The size, scope of the FTX failure becomes clearer as users fear the worst

NEW YORK (AP) – Just days after the third-largest crypto exchange collapsed, the public is starting to get a sense of how complicated the FTX bankruptcy case can be. Other cryptocurrency companies are failing due to the unraveling of FTX, events reminiscent of the domino crashes of the 2008 financial crisis.

Users were left frustrated in the dark Tuesday about when they might get their funds back, if at all, directing much of their anger towards FTX founder and CEO Sam Bankman-Fried.

In a court filing, FTX’s attorneys said there were already more than 100,000 claims against the company and estimated that figure could grow to more than 1 million, most of them clients, once the case is complete. The court ordered FTX to provide at least a list of the company’s 50 largest creditors by Nov. 18.

Lawyers said the company is in contact with the Justice Department, the Securities and Exchange Commission, the Commodity Futures Trading Commission and dozens of other state, federal and international authorities, confirming previous reports. that the US government is investigating the possibility that Bankman-Fried and his lieutenants violated US securities law.

FTX filed for bankruptcy protection on Friday, sending tsunami-like waves through the cryptocurrency sector, which has seen its fair share of volatility and turmoil this year, including a sharp drop in the price of bitcoin and other digital assets. For some, the events are reminiscent of the failures of Wall Street firms during the 2008 financial crisis, especially now that seemingly healthy firms like FTX are failing.

The Wall Street Journal reported that BlockFi, which halted withdrawals over the weekend following the FTX bust, is now actively considering bankruptcy. and plans to lay off its staff. In previous public comments, BlockFi management clarified that FTX’s bankruptcy had prompted the company to go out of business. FTX had provided financial aid to BlockFi this summer, including a $400 million credit line backed by its own balance sheet.

“We are shocked and dismayed by the news regarding FTX and Alameda,” BlockFi said Saturday, referring to FTX and Bankman-Fried’s hedge fund, Alameda Research. “Given the lack of clarity on the status of FTX.com, FTX US and Alameda, we are unable to operate as usual.”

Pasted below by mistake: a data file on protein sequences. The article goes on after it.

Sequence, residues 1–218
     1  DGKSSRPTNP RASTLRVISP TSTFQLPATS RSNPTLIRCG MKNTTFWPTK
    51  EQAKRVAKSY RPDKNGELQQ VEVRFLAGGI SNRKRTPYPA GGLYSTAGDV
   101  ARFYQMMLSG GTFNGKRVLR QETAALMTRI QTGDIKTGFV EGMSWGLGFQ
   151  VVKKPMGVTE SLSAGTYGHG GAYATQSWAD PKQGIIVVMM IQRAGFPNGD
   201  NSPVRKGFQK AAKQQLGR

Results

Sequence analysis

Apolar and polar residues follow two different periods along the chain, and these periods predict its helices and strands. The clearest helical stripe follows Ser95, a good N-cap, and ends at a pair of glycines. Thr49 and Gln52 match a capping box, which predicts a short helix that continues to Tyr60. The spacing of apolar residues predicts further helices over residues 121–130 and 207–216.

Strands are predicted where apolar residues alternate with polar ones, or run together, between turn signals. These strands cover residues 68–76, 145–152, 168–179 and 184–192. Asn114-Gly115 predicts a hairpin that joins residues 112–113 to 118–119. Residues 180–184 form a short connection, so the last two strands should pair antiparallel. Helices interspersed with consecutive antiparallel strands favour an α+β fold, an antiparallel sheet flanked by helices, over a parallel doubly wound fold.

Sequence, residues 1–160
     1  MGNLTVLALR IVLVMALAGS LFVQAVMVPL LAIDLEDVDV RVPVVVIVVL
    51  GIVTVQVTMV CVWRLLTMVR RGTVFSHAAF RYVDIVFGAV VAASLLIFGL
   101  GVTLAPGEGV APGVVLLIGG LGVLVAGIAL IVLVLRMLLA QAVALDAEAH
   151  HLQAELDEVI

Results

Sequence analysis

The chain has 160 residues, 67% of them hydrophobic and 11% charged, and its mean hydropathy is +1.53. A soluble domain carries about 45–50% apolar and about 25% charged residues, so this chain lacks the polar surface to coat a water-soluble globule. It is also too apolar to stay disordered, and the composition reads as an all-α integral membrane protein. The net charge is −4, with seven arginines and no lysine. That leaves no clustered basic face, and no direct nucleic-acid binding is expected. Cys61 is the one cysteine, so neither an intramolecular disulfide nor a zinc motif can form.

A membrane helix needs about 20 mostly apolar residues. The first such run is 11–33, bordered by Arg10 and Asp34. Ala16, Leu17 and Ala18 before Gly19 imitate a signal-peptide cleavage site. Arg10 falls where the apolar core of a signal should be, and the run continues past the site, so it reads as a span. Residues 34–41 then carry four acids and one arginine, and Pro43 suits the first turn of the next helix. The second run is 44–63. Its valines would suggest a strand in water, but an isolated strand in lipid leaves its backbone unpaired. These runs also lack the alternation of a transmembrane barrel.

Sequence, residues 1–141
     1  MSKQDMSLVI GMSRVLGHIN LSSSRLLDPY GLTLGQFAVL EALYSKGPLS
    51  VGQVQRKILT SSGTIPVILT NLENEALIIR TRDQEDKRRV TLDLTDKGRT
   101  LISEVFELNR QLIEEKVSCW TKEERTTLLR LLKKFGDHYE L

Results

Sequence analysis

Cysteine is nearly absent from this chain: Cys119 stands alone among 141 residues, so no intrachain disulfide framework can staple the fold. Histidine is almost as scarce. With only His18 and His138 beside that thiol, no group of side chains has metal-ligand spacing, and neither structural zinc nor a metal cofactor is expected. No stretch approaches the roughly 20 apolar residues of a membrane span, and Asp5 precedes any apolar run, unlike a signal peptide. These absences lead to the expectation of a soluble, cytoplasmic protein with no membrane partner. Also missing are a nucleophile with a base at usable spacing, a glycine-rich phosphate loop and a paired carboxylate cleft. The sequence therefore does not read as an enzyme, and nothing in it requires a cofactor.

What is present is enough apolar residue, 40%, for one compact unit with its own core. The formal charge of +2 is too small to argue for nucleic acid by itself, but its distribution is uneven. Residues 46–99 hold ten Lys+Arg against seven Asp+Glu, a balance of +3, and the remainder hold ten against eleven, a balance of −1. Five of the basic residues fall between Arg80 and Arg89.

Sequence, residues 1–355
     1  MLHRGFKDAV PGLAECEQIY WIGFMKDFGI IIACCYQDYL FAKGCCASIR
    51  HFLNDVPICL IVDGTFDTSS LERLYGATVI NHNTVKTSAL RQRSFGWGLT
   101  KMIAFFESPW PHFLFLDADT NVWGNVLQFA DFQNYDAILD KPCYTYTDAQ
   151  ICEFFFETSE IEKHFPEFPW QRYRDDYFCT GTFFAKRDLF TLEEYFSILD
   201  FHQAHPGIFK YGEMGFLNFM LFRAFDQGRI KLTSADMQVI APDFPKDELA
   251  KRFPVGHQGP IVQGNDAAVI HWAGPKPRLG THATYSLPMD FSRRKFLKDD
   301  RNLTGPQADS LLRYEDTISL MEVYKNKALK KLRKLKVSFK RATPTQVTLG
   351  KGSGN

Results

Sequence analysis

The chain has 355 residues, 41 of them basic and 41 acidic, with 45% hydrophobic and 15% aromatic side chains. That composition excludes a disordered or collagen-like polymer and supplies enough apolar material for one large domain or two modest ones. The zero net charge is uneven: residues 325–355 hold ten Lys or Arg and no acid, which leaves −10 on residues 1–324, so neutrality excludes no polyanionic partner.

Another cryptocurrency firm, cryptocurrency lending firm SALT Blockchain, also appeared to be on the verge of bankruptcy. The Bnk to the Future company withdrew from the deal buy SALT, citing its exposure to FTX. In the tweets, the CEO of SALT Shawn Oren he said he was “fully engaged still recovering from the damage as a victim”.

In a sign of how fearful investors are that the cascading effects could cause long-term damage, cryptocurrency exchange Binance has proposed the creation of a bailout fund this would save otherwise healthy crypto firms from bankruptcy. Binance founder and CEO Changpeng Zhao actually outlined the possibility of a cryptocurrency-like central bank or deposit insurance pool acting as a lender of last resort to prevent healthy companies from going out of business.

Meanwhile, FTX users have complained about their losses in Telegram chat groups for traders who have used the FTX exchange, writing that they have lost access to amounts ranging from thousands to millions of dollars.

Some have asked for information. Others speculated about the likelihood of recovering their funds, while others advised them to accept their investments were gone.

The moderators of one group have been posting intermittently, saying things like “No death threats please.” They wrote that they had no information on Bankman-Fried’s whereabouts or what would happen to his companies.

“No news,” a moderator posted.

Many of the FTX users named Bankman-Fried as responsible, punning his name as “Sam Bankrun-Fried” and demanding that he be prosecuted.

Tuesday the a support account for FTX US responded to posts on Twitter from people asking about their funds and invited people to message their Twitter account for assistance.

Mohit Sorout, 30, said he lost access to 95% of the value of his cryptocurrency holdings when FTX shut down its services last week, post on Twitter“Pain is f(asterisk)(asterisk)(asterisk)ing real.”

An electrical engineer based between New Delhi and Dubai, he started trading in 2017 and left his job in 2018 to pursue cryptocurrency trading full-time. Together with a business partner, he built a custom algorithm and turned a couple thousand dollar investment into many times that amount, even though he didn’t want to reveal the value of his holdings when he lost access to them. .

It’s unclear what will happen to funds from retail investors like Sorout, which are locked inside the FTX ecosystem. His requests to withdraw the funds were not honored last week and now he cannot even access the exchange, he said on Monday.

Sorout didn’t intend to keep all of his investments on one platform, he said, but the tools FTX had created for traders like him were very effective and his algorithm worked well there. He also trusted Bankman-Fried in part due to his high profile.

“The problem was the founder, who is donating eight figures into presidential campaigns, meeting with top bureaucrats, sponsoring chess tournaments, he’s out there sponsoring stadiums,” Sorout said. “You really don’t expect a company that big, especially the CEO of that company, to defraud his customers, you know?”

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